We are coming together on June 3rd to celebrate the history of our beloved school, pave the way for its future, and honor a very special family that has been there all the way through. We hope you will join us for an evening of ideas, inspiration and joyful distraction as we honor the Akabas family & raise critical support for our scholarship fund. 

The event includes a brief program with all attendees, followed by intimate conversations in break-out rooms with a fabulous array of presenters. Guests will be divided among presentations/workshops based on their preferences shared in advance of the event. 

SPEAKERS LIST - Stay tuned as this list gets finalized and more presenters get added!

Rabbi Tali Adler

Dr. Jeremy Dauber 

Sandra Di Capua

Dr. Jessica Lang 

Rabbi Marc Margolius

Deborah Sacks Mintz

Soferet Julie Seltzer

Avi Steinberg

Pop-up Giving Circle with Amplifier

Rabbi Tali Adler is a faculty member at the Hadar Institute. Tali, a musmekhet of Yeshivat Maharat, received her undergraduate degree from Stern College, where she majored in Political Science and Jewish Studies. A Wexner Graduate Fellow, during her time at Yeshivat Maharat, Tali served as the clergy intern at Kehilat Rayim Ahuvim and Harvard Hillel. Tali has studied in a number of Jewish institutions, including Drisha and Midreshet Harova. 

Jeremy Dauber is the Atran Professor of Yiddish Language, Literature, and Culture at Columbia University, where he also served as director of its Institute for Israel and Jewish Studies and teaches in the American Studies program. His previous books include In the Demon's Bedroom: Yiddish Literature and the Early Modern, also Antonio's Devils: Writers of the Jewish Enlightenment and the Birth of Modern Hebrew and Yiddish Literature, and The Worlds of Sholem Aleichem, Jewish Comedy: A Serious History, and American Comics: A History (coming this November!) He frequently lectures on topics related to Jewish literature, history, humor, and popular culture at the 92nd St Y and other venues throughout the United States.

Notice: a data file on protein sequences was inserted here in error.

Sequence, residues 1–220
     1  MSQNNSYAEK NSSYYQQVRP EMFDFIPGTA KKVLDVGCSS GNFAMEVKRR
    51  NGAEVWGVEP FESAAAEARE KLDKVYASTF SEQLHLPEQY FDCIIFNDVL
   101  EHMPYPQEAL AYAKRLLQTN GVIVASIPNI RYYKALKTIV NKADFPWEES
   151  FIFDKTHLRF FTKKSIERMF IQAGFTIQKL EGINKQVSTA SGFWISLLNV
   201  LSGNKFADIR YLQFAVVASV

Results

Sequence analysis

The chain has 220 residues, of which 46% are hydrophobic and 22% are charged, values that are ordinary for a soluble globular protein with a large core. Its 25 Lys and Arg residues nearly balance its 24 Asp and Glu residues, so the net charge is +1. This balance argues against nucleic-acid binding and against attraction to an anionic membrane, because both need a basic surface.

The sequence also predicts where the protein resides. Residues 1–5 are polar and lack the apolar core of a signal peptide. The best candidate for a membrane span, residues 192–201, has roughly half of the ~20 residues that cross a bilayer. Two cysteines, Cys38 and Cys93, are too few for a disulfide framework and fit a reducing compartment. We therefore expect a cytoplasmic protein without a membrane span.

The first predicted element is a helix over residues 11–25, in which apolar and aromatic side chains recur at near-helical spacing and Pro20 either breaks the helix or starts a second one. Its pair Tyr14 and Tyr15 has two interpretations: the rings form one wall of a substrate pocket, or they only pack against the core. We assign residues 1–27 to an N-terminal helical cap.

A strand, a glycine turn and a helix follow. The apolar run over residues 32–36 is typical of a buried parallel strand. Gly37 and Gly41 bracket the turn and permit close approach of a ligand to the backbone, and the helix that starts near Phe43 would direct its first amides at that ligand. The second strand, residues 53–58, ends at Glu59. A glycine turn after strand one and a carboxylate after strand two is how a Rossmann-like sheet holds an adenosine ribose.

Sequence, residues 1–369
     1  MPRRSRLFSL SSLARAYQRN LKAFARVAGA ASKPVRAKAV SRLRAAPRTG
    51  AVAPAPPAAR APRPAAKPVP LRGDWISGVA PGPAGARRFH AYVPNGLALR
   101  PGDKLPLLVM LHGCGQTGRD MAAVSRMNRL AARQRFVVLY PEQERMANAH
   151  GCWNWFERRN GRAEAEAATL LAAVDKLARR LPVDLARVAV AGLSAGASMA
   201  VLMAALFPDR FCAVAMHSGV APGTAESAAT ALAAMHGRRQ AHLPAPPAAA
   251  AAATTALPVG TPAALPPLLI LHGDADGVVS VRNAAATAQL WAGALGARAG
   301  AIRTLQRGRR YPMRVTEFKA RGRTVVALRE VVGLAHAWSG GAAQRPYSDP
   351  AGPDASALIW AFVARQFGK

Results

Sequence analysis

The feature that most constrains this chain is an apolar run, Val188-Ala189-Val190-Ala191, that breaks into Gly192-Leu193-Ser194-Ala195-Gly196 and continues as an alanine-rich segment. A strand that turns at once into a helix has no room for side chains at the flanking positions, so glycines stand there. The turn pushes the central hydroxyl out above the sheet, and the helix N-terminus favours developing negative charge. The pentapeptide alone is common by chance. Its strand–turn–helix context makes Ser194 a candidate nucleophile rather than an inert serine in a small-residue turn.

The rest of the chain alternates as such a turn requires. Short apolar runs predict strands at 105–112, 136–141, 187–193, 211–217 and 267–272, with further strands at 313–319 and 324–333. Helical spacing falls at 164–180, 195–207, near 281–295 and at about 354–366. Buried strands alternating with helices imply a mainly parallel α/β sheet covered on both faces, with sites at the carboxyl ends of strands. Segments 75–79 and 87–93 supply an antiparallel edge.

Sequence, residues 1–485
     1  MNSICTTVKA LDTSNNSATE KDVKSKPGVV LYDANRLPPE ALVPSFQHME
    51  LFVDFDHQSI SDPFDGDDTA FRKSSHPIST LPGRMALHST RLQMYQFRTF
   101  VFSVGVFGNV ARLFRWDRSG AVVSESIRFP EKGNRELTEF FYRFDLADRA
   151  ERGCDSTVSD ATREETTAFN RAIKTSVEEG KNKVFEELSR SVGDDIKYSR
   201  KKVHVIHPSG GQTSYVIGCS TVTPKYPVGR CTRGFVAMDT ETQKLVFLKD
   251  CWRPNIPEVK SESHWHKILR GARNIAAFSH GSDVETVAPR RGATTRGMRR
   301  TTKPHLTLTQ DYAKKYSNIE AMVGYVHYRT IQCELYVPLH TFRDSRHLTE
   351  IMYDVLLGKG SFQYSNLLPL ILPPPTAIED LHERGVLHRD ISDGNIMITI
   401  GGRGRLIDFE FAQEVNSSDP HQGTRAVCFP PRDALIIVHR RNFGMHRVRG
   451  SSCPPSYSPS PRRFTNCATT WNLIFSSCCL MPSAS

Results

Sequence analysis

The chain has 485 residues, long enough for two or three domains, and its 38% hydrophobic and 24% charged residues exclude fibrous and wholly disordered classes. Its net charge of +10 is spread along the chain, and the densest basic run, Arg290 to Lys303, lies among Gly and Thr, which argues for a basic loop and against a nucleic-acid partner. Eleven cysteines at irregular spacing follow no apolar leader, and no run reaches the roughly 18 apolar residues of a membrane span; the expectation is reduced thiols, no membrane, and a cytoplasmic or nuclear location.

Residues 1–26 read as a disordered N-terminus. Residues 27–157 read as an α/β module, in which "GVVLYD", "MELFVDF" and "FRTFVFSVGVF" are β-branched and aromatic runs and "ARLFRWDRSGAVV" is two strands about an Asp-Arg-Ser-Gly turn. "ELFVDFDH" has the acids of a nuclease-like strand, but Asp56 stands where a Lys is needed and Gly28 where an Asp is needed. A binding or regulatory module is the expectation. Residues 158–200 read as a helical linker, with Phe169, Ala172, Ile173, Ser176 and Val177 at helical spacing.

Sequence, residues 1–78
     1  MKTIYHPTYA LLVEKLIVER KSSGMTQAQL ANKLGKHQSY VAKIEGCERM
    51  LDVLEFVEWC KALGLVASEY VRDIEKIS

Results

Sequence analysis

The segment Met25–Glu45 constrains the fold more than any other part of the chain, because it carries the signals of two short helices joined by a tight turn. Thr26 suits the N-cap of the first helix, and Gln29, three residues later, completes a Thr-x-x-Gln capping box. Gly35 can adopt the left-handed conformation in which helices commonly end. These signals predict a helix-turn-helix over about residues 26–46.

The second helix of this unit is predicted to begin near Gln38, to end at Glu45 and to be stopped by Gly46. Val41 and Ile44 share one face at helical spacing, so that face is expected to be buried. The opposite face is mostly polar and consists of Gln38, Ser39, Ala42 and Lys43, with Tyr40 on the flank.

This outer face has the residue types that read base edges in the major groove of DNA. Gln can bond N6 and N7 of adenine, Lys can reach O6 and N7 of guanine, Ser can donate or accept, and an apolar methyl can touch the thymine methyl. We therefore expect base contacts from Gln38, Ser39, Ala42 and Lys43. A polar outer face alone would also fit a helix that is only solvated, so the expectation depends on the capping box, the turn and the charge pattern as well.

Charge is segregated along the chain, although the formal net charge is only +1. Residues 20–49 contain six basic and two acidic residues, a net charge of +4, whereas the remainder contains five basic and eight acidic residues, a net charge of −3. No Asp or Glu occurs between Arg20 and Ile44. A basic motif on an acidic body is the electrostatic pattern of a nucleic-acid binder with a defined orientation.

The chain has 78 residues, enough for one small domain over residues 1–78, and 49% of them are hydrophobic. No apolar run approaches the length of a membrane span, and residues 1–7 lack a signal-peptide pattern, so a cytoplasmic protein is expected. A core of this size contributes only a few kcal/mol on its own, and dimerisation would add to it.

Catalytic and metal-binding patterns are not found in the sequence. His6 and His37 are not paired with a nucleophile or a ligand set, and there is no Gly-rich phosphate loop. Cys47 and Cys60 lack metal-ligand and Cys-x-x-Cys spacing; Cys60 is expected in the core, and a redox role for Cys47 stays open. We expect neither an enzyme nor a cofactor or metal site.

Session Title & Description

“Everything You Wanted to Know About Jews and Comics But Weren’t Really Sure Who to Ask”

Sandra Di Capua is a co-founder of Union Square Play, former owner and operator of Kellog's NYC and former maitre d' at Eleven Madison Park. Sandra has had a passion for food and hospitality from as long as she can remember. She got her professional start in the food industry as culinary and editorial assistant to renowned cookbook author, Joan Nathan. From there, she went to work in the dining room at Eleven Madison Park. After 5 years there, she co-founded Co.create NYC, an experiential retail firm whose cornerstone project was Kellogg’s NYC, an cereal café rooted in hospitality. In spring 2018, she and her partners launched Union Square Play, a play space centered around thoughtful play for babies and toddlers with the goal of making the first years of parenthood easier, more fun, and more communal. Parenting+ by Union Square Play, an online platform for parents to connect with each other and with industry experts, was born out of Covid and serves parents around the world through community, education, and play. A graduate of Harvard College, Sandra is a native of Bogota, Colombia, and grew up in Miami, FL. She now lives in Manhattan with her husband, Alex, and their kids, Liana and Ruben.